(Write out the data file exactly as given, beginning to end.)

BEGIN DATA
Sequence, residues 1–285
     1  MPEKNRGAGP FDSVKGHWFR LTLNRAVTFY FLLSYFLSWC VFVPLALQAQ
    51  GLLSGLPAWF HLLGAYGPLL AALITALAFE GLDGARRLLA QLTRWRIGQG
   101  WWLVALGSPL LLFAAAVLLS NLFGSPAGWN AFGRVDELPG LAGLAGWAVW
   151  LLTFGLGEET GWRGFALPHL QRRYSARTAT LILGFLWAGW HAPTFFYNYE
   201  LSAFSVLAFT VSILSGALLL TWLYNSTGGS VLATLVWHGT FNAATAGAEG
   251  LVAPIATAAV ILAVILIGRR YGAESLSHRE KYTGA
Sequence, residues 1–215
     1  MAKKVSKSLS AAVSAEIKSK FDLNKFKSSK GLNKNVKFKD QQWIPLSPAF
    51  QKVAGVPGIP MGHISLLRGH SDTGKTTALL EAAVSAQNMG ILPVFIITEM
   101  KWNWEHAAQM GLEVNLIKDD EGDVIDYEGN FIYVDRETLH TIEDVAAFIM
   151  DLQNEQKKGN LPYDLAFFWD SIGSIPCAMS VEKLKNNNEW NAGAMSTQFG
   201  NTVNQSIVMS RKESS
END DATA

Sequence, residues 1–285
     1  MPEKNRGAGP FDSVKGHWFR LTLNRAVTFY FLLSYFLSWC VFVPLALQAQ
    51  GLLSGLPAWF HLLGAYGPLL AALITALAFE GLDGARRLLA QLTRWRIGQG
   101  WWLVALGSPL LLFAAAVLLS NLFGSPAGWN AFGRVDELPG LAGLAGWAVW
   151  LLTFGLGEET GWRGFALPHL QRRYSARTAT LILGFLWAGW HAPTFFYNYE
   201  LSAFSVLAFT VSILSGALLL TWLYNSTGGS VLATLVWHGT FNAATAGAEG
   251  LVAPIATAAV ILAVILIGRR YGAESLSHRE KYTGA
Sequence, residues 1–215
     1  MAKKVSKSLS AAVSAEIKSK FDLNKFKSSK GLNKNVKFKD QQWIPLSPAF
    51  QKVAGVPGIP MGHISLLRGH SDTGKTTALL EAAVSAQNMG ILPVFIITEM
   101  KWNWEHAAQM GLEVNLIKDD EGDVIDYEGN FIYVDRETLH TIEDVAAFIM
   151  DLQNEQKKGN LPYDLAFFWD SIGSIPCAMS VEKLKNNNEW NAGAMSTQFG
   201  NTVNQSIVMS RKESS